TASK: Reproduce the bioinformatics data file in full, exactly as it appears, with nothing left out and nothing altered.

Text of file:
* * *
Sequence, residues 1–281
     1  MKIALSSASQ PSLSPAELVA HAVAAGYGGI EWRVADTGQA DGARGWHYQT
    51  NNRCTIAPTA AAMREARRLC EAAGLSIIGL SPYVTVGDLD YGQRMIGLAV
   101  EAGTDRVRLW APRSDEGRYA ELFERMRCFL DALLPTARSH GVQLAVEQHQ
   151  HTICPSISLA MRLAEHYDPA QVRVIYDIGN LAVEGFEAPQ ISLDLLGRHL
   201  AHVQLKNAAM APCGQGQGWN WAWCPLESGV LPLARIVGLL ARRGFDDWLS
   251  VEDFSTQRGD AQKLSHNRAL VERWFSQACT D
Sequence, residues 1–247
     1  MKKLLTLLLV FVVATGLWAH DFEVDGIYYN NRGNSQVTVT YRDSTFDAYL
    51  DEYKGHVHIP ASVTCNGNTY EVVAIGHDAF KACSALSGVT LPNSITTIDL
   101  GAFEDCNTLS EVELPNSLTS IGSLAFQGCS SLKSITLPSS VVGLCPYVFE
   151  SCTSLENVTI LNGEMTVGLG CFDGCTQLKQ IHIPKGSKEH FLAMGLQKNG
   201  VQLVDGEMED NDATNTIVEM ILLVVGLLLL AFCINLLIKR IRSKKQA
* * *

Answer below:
Sequence, residues 1–281
     1  MKIALSSASQ PSLSPAELVA HAVAAGYGGI EWRVADTGQA DGARGWHYQT
    51  NNRCTIAPTA AAMREARRLC EAAGLSIIGL SPYVTVGDLD YGQRMIGLAV
   101  EAGTDRVRLW APRSDEGRYA ELFERMRCFL DALLPTARSH GVQLAVEQHQ
   151  HTICPSISLA MRLAEHYDPA QVRVIYDIGN LAVEGFEAPQ ISLDLLGRHL
   201  AHVQLKNAAM APCGQGQGWN WAWCPLESGV LPLARIVGLL ARRGFDDWLS
   251  VEDFSTQRGD AQKLSHNRAL VERWFSQACT D
Sequence, residues 1–247
     1  MKKLLTLLLV FVVATGLWAH DFEVDGIYYN NRGNSQVTVT YRDSTFDAYL
    51  DEYKGHVHIP ASVTCNGNTY EVVAIGHDAF KACSALSGVT LPNSITTIDL
   101  GAFEDCNTLS EVELPNSLTS IGSLAFQGCS SLKSITLPSS VVGLCPYVFE
   151  SCTSLENVTI LNGEMTVGLG CFDGCTQLKQ IHIPKGSKEH FLAMGLQKNG
   201  VQLVDGEMED NDATNTIVEM ILLVVGLLLL AFCINLLIKR IRSKKQA